authoritarianism, Democracy, Digital Age, Information & Communication, Radical extremism

Europe, the USA and China

Oct 12 2020

By Boaventura de Sousa Santos*

The statements by the US ambassador in his interview to the weekly Expresso on 26 September are offensive to the Portuguese people and a violation of diplomatic codes of conduct. He threatened that the US would no longer regard Portugal as an ally not only in economic but also in security matters if Portugal were to adopt (even if only partially) Huawei’s 5G technology.  We know that such aggressive style is the mark of interference in the internal affairs of vassal countries and “banana republics”. But the timing and the context of the ambassador’s statements are all too clear. Given that the US geostrategic goal is to weaken or dismantle the EU (Brexit having been but the first step) so as to more easily force European countries to join in the new cold war – i.e., the war against China –, Portugal stands as the perfect target, not only because it is viewed as one of the EU’s weak links, but also because it will be presiding over the Union in the coming months. The Portuguese authorities reacted in the only possible way, but it is up to the EU to make the big decisions. What does it see as the decision that best serves its interests? Europe has come to a decisive bifurcation: it either becomes fragmented or seeks to deepen integration. My analysis rests on the notion that integration is better than fragmentation and on the assumption that integration cannot be deepened unless there is respect for the autonomy of each country and more democratic relations between countries.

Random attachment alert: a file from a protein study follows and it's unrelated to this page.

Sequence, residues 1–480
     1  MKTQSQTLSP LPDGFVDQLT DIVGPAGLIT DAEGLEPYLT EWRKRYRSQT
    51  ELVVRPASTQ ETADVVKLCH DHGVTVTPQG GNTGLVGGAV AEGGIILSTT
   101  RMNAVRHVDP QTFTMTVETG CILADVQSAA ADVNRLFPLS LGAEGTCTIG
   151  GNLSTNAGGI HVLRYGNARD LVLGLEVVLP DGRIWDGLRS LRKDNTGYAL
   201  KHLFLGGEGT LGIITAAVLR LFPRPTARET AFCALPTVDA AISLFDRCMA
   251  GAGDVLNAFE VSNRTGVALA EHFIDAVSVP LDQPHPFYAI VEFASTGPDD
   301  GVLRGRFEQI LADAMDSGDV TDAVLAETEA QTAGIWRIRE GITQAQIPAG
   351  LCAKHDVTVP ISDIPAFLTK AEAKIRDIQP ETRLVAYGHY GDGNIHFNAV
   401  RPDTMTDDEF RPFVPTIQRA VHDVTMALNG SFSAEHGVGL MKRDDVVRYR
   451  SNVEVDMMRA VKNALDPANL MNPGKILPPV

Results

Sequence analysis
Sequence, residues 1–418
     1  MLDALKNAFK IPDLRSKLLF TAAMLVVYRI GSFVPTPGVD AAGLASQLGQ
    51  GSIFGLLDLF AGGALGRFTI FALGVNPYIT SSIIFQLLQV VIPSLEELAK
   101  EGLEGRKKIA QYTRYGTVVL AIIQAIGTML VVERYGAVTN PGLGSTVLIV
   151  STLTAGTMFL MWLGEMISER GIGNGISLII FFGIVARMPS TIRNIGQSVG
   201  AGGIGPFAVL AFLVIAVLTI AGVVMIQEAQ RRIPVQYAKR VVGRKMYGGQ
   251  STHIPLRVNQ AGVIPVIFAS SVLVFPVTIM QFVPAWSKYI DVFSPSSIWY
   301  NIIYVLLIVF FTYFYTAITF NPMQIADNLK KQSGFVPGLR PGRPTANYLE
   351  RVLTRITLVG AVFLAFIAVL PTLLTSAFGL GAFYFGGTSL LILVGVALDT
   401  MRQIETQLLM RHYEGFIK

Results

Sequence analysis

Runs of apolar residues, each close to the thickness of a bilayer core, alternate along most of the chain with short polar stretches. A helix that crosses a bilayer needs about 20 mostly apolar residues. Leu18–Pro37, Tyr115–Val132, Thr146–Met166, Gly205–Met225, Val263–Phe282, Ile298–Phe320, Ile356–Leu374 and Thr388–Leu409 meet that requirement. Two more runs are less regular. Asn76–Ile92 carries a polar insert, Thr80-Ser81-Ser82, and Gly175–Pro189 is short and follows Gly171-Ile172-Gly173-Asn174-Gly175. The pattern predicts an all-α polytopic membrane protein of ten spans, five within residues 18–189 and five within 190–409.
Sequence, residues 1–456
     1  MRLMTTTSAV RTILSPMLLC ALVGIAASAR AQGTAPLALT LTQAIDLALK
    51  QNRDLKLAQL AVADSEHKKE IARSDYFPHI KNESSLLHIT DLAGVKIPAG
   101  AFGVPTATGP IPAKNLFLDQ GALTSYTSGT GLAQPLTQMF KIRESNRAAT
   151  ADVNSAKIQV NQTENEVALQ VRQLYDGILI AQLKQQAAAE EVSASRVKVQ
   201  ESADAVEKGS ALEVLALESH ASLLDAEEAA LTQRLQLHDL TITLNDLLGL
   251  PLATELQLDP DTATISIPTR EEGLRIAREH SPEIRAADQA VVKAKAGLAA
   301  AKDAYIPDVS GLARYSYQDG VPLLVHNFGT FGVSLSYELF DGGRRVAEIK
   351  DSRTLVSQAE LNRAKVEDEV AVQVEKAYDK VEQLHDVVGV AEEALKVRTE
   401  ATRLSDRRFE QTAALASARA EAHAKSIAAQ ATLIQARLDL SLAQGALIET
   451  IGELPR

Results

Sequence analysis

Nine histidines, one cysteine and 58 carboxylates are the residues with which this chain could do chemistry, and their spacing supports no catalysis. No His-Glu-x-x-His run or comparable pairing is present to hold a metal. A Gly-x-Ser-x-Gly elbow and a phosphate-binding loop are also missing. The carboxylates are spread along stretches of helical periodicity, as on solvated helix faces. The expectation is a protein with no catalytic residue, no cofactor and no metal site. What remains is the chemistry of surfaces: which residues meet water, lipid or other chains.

This is not the place to analyze in full the longstanding ties between Europe (especially the Mediterranean region) and China and India, two countries that are part of the same supercontinent, Eurasia, where the Bronze Age first emerged to give rise to the first urban revolution, some 3,000 years before our era. Let us just remember that there were trade and technology exchanges in the region over many centuries and that the West was dominant in certain periods, while the East was dominant in others. This alternation seemed to cease in the 15th century, with the pendulum swinging in favor of Europe. With the Ottoman empire blocking expansion by land, Europe became the cradle of transatlantic empires successively led by Portugal, Spain, Holland, France and England. This protracted period, however, ended in 1945 (not counting the fact that the Portuguese colonies did not rise to independence until 1975). Since then, the USA has been the only empire worthy of the name. There has been talk, for some years, of its decline and of the rise of the empire of China, although whether China is already (again) an empire is open to debate. For several years now, studies by the US intelligence services (CIA) have been predicting that China will be the world’s first economy by the year 2030.